YORKSHIRE: Maps of Yorkshire
Detailed map of Yorkshire.
Parish Maps of the Ridings.
A map showing the Ridings.
(20 times reduction of actual map size)
Detailed map of Yorkshire.
This map shows all the cities, towns and villages, rivers and becks, and most of the hamlets and some of the single houses in the Yorkshire of the 1820s. Wherever possible the new towns and villages have been added. There are currently no contours shown, but the current extent of all the larger places are shown.
Downloading the map:
Download the map, and then save it (right click on the map, and then select "Save picture as"). If you have a good graphics program, then you should be able to zoom in and out when displaying the image. Please do not save it to a jpeg file as this will give a file several times larger than the .png file, and will result in a poorer image too. (If you want to know why, see my pages about dealing with image files for the web).
Printing the map:
Bill Potts has investigated printing the map and recommends using a program called Poster. He has kindly allowed me to reproduce his comments and instructions for the use of "Poster".
Please remember this is a large file (around 950kbytes) and therefore it may take some time to download if you are not using broadband.
East Riding Parish Map
including The Ainsty
(Maps above are shown at 7% of actual size)
The above maps show the boundaries of the parishes as they were before 1832 when the Civil Parishes started coming into being, all three of the maps are in .gif format. The names all agree with the lists of parishes given for the 3 Ridings and The Ainsty within the Genuki Yorkshire page, under Towns and Parishes. The North Riding map is to a different scale than the other two (approximately 20% smaller).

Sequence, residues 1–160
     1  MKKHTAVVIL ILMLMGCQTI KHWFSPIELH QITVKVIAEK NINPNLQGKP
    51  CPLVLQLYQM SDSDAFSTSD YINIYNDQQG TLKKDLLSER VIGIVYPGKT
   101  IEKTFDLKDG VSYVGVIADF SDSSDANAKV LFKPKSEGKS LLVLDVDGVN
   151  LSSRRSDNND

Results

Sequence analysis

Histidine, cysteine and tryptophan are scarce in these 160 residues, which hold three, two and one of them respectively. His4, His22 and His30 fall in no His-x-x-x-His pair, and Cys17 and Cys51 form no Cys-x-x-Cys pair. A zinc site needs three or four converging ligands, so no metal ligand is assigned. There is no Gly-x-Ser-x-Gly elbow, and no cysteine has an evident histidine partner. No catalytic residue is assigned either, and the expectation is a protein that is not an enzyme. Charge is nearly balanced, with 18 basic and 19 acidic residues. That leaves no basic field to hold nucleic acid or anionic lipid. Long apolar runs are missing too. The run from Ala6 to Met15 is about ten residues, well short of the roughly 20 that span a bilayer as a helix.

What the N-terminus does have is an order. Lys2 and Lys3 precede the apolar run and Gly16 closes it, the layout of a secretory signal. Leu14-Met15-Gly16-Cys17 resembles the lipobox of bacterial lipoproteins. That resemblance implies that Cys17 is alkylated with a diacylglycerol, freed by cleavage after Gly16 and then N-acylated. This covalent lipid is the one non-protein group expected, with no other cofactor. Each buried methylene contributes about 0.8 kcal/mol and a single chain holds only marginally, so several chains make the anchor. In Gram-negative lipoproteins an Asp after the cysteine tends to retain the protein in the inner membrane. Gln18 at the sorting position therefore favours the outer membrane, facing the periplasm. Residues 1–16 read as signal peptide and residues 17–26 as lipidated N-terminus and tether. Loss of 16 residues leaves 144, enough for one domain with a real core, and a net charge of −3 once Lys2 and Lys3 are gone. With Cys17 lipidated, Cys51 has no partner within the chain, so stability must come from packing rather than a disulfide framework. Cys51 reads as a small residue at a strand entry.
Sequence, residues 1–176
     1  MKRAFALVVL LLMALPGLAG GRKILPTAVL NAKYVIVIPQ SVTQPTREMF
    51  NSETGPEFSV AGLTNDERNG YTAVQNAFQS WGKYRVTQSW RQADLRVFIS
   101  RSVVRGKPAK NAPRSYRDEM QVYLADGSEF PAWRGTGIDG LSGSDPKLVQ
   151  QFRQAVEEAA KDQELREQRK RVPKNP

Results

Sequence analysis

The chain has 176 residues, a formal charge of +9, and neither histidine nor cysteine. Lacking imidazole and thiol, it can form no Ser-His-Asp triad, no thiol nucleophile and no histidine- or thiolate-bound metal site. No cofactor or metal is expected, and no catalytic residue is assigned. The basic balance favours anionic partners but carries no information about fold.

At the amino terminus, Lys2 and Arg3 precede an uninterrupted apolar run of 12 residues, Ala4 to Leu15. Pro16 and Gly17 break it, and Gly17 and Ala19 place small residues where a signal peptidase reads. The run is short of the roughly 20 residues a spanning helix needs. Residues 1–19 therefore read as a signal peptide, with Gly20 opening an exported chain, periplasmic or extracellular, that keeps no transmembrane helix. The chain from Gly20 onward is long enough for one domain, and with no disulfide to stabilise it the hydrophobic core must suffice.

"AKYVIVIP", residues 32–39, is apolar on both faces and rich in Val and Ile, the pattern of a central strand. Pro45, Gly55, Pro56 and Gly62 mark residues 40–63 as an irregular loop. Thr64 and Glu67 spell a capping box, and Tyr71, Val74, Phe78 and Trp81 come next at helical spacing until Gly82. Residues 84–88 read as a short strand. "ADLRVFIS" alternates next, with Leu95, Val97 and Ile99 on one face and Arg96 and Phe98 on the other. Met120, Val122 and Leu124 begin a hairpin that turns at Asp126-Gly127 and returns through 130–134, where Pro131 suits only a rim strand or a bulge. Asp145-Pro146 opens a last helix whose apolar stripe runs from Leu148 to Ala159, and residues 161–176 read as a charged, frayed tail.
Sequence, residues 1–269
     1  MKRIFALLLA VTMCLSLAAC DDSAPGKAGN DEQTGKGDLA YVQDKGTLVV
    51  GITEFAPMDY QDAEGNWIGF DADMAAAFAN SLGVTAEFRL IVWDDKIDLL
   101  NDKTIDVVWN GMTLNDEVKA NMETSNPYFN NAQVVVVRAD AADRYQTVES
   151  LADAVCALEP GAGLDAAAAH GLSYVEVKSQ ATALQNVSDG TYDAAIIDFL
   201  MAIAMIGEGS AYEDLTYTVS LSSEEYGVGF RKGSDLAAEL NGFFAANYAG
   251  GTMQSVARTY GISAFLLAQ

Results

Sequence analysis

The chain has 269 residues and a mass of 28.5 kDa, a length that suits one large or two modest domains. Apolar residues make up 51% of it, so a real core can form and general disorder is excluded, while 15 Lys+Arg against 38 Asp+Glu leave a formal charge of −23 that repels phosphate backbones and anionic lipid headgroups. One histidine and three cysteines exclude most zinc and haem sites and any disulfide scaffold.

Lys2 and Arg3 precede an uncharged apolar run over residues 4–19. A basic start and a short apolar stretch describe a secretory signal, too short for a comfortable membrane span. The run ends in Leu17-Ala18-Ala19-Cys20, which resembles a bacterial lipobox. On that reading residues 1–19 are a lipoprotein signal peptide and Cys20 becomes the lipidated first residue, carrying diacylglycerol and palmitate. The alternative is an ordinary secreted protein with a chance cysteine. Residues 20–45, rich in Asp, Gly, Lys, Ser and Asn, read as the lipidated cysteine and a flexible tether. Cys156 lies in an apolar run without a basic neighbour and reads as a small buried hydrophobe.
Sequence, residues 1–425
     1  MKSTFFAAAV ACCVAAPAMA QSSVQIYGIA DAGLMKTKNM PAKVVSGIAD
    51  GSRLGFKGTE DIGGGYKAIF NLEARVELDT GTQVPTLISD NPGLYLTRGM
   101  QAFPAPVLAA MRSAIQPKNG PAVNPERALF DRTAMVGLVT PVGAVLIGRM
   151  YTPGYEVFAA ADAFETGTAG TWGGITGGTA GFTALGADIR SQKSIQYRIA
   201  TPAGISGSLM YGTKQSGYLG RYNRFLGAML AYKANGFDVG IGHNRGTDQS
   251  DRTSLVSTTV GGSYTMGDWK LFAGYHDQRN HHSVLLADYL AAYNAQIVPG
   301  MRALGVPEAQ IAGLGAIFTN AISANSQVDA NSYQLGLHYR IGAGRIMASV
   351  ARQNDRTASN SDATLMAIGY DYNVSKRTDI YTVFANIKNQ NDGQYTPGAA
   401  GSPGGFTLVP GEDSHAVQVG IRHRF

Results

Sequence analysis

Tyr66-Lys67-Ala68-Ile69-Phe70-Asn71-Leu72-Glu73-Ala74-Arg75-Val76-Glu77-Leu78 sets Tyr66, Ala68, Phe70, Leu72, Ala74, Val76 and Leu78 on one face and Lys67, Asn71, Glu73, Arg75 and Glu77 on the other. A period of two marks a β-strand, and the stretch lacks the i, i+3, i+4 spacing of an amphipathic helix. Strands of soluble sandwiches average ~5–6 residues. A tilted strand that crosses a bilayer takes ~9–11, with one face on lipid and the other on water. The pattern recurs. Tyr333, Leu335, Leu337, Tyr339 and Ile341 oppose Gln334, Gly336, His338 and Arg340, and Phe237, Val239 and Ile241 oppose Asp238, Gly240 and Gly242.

I would recommend that you save the map(s) having downloaded them to your browser, as this will save you having to download them again and also enable you to use your own graphics software to display them. Please do not save it to a jpeg file as this will give a file several times larger than the .png file, and will result in a poorer image too. (If you want to know why, see my pages about dealing with image files for the web).
To display the maps (having saved them), I would recommend that you use Paint Shop Pro or similar program with a zoom in and out capability (I used Paint Shop Pro 5 to generate the maps).
|Many people are very confused when it comes to the Ridings of Yorkshire, their boundaries, and their importance in Yorkshire family history research. Whatever part of Yorkshire you find yourself researching it is vital that you think in terms of the Ridings and not the present day post 1974 Yorkshire boundaries. While it is possible to find maps of Yorkshire in libraries and on the web, it is not always possible to find a pre 1974 map. For this reason I have produced the map below which clearly shows the old and the new county boundaries.|
The present day counties are shown with a thin black boundary and black typeface. The old West, North and East Ridings are bounded by a thick blue line and divided with a red line, the Ainsty of York in the centre.
Note: after Tana wrote this article, North Humberside changed its name to "The East Riding of Yorkshire" (not the same as the old East Riding).